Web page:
Haemophilia B is a genetic bleeding disorder. Read more to know everything you need to know about this bleeding disorder.
Haemophilia B is a genetic bleeding disorder caused by missing or defective blood clotting factor IX. Factor IX is a clotting protein and without enough factor IX, the blood fails to clot properly in order to control bleeding.
Although, the condition is a genetic disorder, which means that it is usually passed down from people who have the condition to their children, however around 33% of cases are caused by changes in genes.
While the condition is not that common, it can affect anyone regardless of their race or ethnicity. According to statistics from the US Centers for Disease Control and Prevention, haemophiliaB is four times less common than haemophilia A and occurs in around 1 in every 5,000 live births. So what causes haemophilia B?
Haemophilia B is caused by adefective factor IX which is linked with the X chromosome. Men and people who have family history of bleeding disorders have a higher risk for haemophilia B.
Men are at a higher risk for the condition as they have only one X chromosome. If the factor IX gene is defective or missing in a boy child’s X chromosome, he will develop Haemophilia B. Most of the people who have haemophilia B around the world are men.
On the other hand, women have two copies of the X chromosome.If the factor IX gene on one chromosome is defective or missing, the gene on the other can make the required amount of factor IX.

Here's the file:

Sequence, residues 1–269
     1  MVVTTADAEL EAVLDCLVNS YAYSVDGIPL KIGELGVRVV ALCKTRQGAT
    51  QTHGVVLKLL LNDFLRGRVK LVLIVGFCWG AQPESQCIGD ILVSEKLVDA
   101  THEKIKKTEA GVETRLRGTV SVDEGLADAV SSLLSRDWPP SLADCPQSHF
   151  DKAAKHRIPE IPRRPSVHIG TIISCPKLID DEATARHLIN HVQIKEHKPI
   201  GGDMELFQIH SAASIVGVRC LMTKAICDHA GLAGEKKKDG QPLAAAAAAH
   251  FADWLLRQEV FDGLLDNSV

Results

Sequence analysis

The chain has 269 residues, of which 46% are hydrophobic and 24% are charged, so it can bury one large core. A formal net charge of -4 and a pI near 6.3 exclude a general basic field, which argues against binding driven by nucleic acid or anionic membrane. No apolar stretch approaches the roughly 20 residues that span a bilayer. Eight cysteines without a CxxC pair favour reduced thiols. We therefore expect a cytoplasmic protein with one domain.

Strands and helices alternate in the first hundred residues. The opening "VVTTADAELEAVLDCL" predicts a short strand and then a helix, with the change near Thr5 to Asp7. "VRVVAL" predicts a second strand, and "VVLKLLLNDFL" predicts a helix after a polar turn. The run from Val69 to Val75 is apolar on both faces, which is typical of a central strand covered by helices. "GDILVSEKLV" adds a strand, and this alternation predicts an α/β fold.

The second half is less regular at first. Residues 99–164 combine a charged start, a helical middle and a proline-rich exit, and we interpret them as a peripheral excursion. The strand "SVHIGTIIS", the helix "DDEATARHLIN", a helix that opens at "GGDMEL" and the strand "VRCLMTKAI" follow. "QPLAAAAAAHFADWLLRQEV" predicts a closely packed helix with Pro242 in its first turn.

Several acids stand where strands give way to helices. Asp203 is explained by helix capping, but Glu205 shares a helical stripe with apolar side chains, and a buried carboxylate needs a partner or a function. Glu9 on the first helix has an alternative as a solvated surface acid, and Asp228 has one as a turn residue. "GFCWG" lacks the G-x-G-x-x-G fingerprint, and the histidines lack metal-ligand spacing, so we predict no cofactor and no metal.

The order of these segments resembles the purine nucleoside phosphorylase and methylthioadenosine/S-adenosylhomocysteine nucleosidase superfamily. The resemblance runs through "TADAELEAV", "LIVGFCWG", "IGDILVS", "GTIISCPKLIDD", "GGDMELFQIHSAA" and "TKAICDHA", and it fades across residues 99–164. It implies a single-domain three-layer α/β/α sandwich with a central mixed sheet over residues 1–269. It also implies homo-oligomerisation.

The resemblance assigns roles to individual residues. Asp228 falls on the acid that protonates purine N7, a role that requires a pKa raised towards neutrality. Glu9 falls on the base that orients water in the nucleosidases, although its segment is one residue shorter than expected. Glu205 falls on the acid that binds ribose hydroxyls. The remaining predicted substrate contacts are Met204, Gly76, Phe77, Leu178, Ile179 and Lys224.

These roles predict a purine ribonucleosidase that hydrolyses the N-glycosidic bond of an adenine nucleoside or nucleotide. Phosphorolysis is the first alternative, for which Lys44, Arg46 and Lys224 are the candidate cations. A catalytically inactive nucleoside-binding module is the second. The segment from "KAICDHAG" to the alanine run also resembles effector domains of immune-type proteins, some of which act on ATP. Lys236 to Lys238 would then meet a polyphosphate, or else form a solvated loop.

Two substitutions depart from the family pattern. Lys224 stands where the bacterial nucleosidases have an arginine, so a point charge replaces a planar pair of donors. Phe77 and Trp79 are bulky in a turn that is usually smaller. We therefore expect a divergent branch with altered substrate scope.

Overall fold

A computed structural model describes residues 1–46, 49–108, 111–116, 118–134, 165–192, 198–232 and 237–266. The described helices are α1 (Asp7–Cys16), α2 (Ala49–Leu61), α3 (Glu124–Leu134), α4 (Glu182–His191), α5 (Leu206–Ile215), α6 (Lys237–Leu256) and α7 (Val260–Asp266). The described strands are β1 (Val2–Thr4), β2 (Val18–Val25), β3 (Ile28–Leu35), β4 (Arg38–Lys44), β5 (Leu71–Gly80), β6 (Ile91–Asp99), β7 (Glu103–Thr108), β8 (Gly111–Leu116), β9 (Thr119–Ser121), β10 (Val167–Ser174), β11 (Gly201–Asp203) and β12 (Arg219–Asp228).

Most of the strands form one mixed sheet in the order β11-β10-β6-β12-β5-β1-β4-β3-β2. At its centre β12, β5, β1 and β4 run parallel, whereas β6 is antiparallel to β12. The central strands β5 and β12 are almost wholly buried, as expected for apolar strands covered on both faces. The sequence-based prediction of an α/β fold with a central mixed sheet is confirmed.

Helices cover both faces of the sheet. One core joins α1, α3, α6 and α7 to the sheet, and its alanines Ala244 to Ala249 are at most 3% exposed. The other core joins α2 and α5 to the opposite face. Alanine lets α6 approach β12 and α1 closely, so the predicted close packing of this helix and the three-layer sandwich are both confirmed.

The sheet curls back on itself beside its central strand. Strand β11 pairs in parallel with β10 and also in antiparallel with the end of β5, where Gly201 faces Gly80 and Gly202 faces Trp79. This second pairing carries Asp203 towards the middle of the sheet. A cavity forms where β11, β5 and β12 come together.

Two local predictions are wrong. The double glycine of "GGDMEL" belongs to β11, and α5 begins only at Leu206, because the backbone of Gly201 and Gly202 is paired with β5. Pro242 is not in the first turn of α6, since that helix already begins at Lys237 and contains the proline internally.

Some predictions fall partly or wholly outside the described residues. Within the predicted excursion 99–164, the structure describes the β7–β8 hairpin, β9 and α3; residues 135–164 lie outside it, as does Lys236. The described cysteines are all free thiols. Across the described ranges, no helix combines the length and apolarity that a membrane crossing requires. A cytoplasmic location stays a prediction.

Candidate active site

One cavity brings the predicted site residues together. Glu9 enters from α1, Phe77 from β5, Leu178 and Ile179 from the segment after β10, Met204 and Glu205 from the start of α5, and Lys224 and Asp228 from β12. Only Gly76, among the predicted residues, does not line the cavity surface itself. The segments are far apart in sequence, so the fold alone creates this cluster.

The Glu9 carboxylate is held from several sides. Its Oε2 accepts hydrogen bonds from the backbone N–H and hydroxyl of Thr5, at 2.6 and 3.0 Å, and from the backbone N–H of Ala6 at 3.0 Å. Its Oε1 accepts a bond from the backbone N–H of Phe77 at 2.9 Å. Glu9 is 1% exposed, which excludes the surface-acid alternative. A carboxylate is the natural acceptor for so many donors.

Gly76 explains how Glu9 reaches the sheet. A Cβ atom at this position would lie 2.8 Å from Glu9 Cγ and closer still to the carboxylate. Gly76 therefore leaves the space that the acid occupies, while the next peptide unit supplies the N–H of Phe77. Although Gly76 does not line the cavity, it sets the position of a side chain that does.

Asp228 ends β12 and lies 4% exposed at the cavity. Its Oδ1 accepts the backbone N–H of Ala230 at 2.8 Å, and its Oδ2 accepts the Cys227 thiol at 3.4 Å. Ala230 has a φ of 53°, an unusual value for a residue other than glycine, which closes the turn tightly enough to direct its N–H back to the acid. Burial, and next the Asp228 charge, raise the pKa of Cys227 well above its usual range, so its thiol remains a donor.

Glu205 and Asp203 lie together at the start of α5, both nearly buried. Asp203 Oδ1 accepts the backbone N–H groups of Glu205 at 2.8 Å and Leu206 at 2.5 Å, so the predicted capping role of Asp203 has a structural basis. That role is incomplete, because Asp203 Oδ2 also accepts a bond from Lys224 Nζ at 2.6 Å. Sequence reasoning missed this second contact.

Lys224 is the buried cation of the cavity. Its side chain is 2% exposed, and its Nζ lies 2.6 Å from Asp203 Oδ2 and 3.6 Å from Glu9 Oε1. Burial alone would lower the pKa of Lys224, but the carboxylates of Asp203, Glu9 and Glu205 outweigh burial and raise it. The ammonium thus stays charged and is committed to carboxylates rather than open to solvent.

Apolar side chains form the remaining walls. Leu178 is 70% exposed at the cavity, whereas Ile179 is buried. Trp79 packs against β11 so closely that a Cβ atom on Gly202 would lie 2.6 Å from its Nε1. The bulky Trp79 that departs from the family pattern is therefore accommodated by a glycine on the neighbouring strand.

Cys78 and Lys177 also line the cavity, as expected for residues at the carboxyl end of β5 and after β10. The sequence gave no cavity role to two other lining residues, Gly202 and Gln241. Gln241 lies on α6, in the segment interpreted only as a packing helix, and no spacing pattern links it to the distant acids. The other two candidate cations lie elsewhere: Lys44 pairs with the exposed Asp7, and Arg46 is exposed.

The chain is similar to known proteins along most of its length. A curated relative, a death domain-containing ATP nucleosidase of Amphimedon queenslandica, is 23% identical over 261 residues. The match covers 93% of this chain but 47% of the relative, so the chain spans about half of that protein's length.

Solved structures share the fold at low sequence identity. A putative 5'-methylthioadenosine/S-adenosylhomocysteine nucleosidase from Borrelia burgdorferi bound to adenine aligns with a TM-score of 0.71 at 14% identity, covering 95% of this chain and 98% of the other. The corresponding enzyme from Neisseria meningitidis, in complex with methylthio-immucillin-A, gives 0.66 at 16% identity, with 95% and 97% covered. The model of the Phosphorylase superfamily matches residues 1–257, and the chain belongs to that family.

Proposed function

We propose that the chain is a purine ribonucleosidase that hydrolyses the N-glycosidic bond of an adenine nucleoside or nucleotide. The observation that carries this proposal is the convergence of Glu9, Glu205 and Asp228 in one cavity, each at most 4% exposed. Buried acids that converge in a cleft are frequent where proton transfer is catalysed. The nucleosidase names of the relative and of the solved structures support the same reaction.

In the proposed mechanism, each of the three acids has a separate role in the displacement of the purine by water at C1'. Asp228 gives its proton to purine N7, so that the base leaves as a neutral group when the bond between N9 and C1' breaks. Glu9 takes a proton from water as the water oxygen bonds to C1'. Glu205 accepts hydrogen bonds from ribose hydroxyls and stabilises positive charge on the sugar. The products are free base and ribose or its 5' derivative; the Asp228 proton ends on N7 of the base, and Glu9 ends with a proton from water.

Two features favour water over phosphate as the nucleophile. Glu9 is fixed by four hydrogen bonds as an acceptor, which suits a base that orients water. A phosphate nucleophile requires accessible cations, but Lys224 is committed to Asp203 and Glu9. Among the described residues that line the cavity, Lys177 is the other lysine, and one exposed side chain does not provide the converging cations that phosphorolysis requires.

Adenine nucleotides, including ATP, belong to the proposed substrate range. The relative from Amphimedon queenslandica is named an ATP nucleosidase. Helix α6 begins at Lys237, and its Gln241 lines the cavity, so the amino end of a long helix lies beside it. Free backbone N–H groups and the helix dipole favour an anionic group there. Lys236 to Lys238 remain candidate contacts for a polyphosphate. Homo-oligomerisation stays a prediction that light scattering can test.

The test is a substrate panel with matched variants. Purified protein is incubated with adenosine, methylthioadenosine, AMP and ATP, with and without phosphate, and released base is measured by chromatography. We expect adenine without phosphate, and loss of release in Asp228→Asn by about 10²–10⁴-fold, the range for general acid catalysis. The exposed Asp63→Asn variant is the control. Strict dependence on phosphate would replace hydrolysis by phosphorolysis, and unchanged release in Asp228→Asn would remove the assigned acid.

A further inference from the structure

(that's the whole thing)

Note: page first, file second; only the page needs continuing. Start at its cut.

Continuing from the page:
When a woman has a defective factor IX gene, she is considered a carrier. Her sons will have 50% chance of having haemophilia and her daughters will have 50% chance of carriers.
The most common symptoms of haemophilia B include bleeding as the main symptom. Usually the bleeding symptoms appear during circumcision of a child or when the child starts crawling or walking. The severity of the symptoms can vary from one child to another. Other most common symptoms include bruising, nosebleeds, painful bleeding into joints, blood in urine or stools, and excess bleeding from cuts.
Doctors usually start with coagulation study including a series of tests to diagnose the condition. Family members may also get tested to confirm the disorder. Once the diagnosis is complete the doctor may proceed with the treatment by replacing the missing clotting factor through factor IX concentrates.
The treatment depends upon the severity of the bleeding, region of bleeding and the patient’s weight and height. People with severe cases of haemophilia B may need infusions regularly.
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